The US has said it will use its “considerable military forces” on North Korea “if we must”, following Tuesday’s long-range missile test.
US ambassador Nikki Haley said a new resolution will also be tabled against Pyongyang at the United Nations.
She described the test as a sharp military escalation and also threatened to use trade restrictions.
Hours after she spoke, the US and South Korea fired more missiles into the Sea of Japan as part of military drills.
But Pyongyang has said it would not negotiate unless the US ends its “hostile policy” against North Korea.
Tuesday’s missile launch, the latest in a series of tests, was in defiance of a ban by the UN Security Council.
- Is the new missile test a game-changer?
- Can the US defend itself against N Korea?
- Possible solutions to crisis
Meanwhile, US Defence Secretary Jim Mattis and his Japanese counterpart Tomomi Inada said the test was an “unacceptable provocation”.
A statement released by the US defence department said the two spoke on the phone, where Gen Mattis said the US was committed to defend Japan and provide deterrence.
How has the US responded?
On Wednesday Ms Haley warned that North Korea’s test launch of an intercontinental ballistic missile (ICBM) was “quickly closing off the possibility of a diplomatic solution”.
“The United States is prepared to use the full range of our capabilities to defend ourselves, and our allies,” she told the UN Security Council, which met for an emergency session to discuss the test.
“One of our capabilities lies with our considerable military forces. We will use them, if we must, but we prefer not to have to go in that direction,” she said.
On Thursday in South Korea, the US held a joint military drill with the South’s troops for a second day in response to the long-range missile test.
It involved various destroyers, warships and fighter jets launching guided missiles against a simulated maritime attack, reported Yonhap news agency.
Ms Haley also said the US could cut off trade with countries which continued to trade with North Korea in violation of UN resolutions.
“We will look at any country that chooses to do business with this outlaw regime,” she said.
Earlier, US President Donald Trump criticised China for its trade with North Korea.
Mr Trump has arrived in Warsaw where he is due to meet Chinese President Xi Jinping for the second time. He will later travel to Hamburg for the G20 summit, where world leaders are expected to discuss the missile test.
What have other countries said?
South Korea’s President Moon Jae-in has voiced concern that the North’s nuclear and missile development was “proceeding much faster than expected”.
Speaking in Berlin on Wednesday, where he met with German leader Angela Merkel, he said they would “examine possibilities of ramping up sanctions”.
At the UN Security Council meeting in New York, the French ambassador said they also favoured a new resolution on North Korea, which would tighten sanctions.
Russia, which condemned the test, said the possibility of using military measures “should be excluded”.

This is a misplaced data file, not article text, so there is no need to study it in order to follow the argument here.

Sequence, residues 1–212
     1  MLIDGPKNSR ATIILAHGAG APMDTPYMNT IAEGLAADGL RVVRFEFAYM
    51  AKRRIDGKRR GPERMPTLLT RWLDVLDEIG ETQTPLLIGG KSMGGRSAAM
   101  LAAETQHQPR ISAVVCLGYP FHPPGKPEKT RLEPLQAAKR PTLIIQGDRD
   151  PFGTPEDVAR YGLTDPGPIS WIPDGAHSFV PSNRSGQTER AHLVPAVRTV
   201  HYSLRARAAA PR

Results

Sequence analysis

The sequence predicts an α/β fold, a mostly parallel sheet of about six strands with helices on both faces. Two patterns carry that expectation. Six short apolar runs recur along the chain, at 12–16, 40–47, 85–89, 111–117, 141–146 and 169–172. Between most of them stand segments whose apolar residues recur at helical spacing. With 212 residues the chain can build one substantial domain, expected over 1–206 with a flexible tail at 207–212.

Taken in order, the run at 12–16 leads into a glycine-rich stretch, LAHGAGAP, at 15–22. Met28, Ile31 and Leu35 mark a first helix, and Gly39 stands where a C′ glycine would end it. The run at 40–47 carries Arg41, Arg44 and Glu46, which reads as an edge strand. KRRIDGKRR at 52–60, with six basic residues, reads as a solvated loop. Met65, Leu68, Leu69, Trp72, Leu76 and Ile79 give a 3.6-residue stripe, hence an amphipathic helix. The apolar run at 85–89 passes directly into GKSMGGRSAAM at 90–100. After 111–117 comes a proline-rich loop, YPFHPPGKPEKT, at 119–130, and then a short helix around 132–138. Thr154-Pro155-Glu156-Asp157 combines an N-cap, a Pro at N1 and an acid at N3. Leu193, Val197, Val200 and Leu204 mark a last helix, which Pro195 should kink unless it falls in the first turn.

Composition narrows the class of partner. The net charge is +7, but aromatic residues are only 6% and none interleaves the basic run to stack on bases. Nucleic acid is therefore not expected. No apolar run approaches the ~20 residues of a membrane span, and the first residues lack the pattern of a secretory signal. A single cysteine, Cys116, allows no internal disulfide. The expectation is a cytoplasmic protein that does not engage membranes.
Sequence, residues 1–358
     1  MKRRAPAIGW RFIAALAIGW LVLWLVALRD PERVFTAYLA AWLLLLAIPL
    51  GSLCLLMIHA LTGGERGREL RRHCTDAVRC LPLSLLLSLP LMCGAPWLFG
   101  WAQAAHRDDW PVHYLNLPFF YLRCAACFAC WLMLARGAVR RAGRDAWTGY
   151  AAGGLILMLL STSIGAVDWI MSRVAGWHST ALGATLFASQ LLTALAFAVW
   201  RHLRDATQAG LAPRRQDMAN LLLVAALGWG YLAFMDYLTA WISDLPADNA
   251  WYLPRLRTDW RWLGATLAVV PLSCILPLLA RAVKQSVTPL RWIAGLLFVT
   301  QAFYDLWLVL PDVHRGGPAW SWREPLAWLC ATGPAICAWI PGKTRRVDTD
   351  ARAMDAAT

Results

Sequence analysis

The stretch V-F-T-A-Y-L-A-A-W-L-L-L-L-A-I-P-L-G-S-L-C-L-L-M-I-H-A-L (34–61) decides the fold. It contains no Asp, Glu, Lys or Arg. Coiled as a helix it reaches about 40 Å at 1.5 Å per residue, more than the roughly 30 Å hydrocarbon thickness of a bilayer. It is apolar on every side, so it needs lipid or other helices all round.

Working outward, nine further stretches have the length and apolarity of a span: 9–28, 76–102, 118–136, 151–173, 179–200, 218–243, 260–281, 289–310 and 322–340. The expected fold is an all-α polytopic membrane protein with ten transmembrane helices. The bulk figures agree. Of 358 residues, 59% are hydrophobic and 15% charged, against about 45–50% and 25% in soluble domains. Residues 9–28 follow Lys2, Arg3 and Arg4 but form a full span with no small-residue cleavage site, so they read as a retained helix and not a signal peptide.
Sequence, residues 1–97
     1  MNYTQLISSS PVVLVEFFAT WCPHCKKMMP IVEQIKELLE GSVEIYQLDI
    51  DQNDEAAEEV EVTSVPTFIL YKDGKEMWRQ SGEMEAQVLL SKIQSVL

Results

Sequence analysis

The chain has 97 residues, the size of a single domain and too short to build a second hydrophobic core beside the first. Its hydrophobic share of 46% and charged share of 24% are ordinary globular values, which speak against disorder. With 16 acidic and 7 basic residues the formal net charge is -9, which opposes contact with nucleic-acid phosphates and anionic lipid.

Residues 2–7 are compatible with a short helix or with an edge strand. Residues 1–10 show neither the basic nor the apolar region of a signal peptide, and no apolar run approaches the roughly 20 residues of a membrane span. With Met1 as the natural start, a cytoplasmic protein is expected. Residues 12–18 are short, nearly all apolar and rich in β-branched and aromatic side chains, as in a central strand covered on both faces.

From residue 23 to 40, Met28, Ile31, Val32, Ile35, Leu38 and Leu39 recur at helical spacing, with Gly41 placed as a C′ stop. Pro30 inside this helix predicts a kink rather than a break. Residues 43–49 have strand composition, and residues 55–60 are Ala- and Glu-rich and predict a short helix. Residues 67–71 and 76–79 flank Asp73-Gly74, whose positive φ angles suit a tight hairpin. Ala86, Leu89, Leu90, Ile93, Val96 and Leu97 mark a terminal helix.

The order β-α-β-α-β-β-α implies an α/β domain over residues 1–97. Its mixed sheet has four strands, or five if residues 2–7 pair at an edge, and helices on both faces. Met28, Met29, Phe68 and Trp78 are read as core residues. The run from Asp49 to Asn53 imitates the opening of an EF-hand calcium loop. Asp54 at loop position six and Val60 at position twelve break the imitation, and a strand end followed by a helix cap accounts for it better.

China’s representative said North Korea’s actions were unacceptable, but also repeated China and Russia’s call for all involved to stand down.
They have proposed that North Korea should halt its missile and nuclear programmes, in exchange for freeze of the US and South Korea’s military exercises in the region. They also propose reversing plans to deploy a controversial anti-missile system in the South.
Both Russia and China are permanent members of the UN Security Council and could veto any new resolution.
What has North Korea said?
On Wednesday, state news agency KCNA said the “US strategy of strength” combined with pressure and engagement “will never work”.
Unless the US stopped its “hostile policy”, North Korea “will never put the nuke and ballistic rocket on the negotiating table”.
It had earlier quoted leader Kim Jong-un as saying that Tuesday’s launch was a “gift” to the Americans on their independence day, and that he ordered officials to “frequently send big and small ‘gift packages’ to the Yankees”.
Pyongyang said the Hwasong-14 ICBM had reached an altitude of 2,802km (1,731 miles) and flew 933km for 39 minutes before hitting a target in the sea.
North Korea, it said, was now “a full-fledged nuclear power that has been possessed of the most powerful inter-continental ballistic rocket capable of hitting any part of the world”.
But while experts agree that the test shows Pyongyang has a long-range projectile, many are sceptical that its missiles can successfully deliver warheads.
What is an ICBM?
- A long-range missile usually designed to carry a nuclear warhead
- The minimum range is 5,500km (3,400 miles), although most fly about 10,000km or more
- Pyongyang has previously displayed two types of ICBMs: the KN-08, with a range of 11,500km, and the KN-14, with a range of 10,000km, but before 4 July had not claimed to have flight tested an ICBM. It is not clear what differentiates the Hwasong-14